Top Ten Considerations to Successfully Implement a New Immersion Program
The ACIE Newsletter, May 2007, Vol. 10, No. 3
By David Bernhardson, Special Projects Director, South Washington County Schools, Cottage Grove, MN
Our suburban Twin Cities school board authorized the formation of a Spanish Immersion Task Force in November of 2002. The Task Force reviewed student achievement data from other immersion schools, looked at curriculum and instruction research in immersion education, met with parents, and interviewed teachers. Our Spanish Immersion school opened in September 2004 and we offer the following considerations when looking to implement a language immersion program:
Build an immersion school and students will come. Today’s parents seek second language instruction at an early age and “a passport to another world.”
Establish an admissions process early because interest will exceed availability. Our district recently changed from a first-come, first-served policy to a lottery system because some parents were arriving as many as 36 hours prior to the start of the enrollment process!
Include resources to hire a curriculum coordinator - someone whose primary role is to attend to the many unique curriculum development needs of an immersion program. Content-based second language instruction is not merely translating English curriculum into the immersion language.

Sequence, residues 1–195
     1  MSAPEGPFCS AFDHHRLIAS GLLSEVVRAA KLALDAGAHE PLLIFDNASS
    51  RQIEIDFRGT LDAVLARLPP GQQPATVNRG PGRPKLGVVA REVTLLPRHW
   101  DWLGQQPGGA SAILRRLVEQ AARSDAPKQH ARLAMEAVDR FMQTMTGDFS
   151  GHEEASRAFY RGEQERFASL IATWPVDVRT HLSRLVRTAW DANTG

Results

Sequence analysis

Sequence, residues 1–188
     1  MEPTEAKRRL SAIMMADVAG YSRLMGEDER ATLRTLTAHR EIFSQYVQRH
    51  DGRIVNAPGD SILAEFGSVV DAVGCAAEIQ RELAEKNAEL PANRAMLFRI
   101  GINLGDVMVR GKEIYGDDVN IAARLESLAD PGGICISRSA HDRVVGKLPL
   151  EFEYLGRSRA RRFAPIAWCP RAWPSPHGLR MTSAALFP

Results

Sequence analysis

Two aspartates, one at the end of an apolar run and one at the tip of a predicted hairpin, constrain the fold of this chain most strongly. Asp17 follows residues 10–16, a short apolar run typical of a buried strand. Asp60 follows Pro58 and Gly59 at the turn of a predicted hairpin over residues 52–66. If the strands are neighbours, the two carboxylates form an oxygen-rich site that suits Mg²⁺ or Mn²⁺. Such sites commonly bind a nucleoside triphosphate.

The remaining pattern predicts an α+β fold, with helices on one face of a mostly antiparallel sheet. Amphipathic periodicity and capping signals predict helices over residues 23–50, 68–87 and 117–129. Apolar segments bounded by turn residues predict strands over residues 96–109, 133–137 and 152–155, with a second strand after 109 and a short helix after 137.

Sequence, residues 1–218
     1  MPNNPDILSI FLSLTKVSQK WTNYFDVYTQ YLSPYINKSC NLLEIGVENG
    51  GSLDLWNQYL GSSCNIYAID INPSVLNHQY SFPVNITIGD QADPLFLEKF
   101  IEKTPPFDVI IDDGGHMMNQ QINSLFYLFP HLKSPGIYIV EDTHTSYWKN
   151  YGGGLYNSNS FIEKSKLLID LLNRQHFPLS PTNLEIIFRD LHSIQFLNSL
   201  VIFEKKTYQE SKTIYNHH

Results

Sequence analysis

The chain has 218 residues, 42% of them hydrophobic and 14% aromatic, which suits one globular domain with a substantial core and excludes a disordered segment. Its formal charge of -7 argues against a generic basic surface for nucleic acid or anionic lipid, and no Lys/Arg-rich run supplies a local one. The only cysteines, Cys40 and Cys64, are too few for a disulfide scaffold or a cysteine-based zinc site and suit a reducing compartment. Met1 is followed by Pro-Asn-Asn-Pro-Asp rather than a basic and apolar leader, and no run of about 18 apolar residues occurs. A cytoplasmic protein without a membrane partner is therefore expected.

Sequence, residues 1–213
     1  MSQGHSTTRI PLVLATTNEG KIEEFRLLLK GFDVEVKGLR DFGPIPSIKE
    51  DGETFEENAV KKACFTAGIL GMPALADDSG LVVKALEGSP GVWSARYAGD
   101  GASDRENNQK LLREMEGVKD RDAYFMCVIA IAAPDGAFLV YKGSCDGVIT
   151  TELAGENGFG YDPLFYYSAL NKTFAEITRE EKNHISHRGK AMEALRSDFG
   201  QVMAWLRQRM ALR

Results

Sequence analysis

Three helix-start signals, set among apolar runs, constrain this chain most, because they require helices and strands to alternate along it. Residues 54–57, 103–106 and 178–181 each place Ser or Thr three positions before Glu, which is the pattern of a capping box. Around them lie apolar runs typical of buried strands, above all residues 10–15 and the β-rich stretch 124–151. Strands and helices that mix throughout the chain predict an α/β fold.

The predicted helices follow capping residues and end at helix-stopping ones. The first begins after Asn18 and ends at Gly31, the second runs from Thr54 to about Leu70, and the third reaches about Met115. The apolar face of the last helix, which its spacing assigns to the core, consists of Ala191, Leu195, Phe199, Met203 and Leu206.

Advocate consistently for the program in order to counteract misconceptions about immersion. Constantly remind district employees and community residents alike what immersion education is and isn’t.
Select an immersion language where staff and materials are readily available. The pool of qualified candidates is not very deep.
Anticipate parent involvement and plan ahead for how their talents can be used to support the program. Our parents passionately serve as advocates for the program. They speak up on district issues that affect immersion and support it with funds.
Seek the advice of other immersion educators and teacher educators who are familiar with immersion research. In this last regard, the CARLA website is an outstanding resource (www.carla.umn.edu/immersion).
Listen to the students. They will exceed your expectations. In a recent high school Spanish class visiting seniors were awestruck by our second graders’ level of proficiency.
Be prepared for growth. Our research showed that the most successful implementation model starts with one or two classes of kindergarten and grows one grade level each year. Secondary planning starts when the first group of immersion students reaches fourth grade. Growth also means recruiting new teachers, developing curriculum and responding to parents who request that you add more sections!
Enjoy every minute. Immersion is challenging and exciting. We are amazed every day at what our students have accomplished.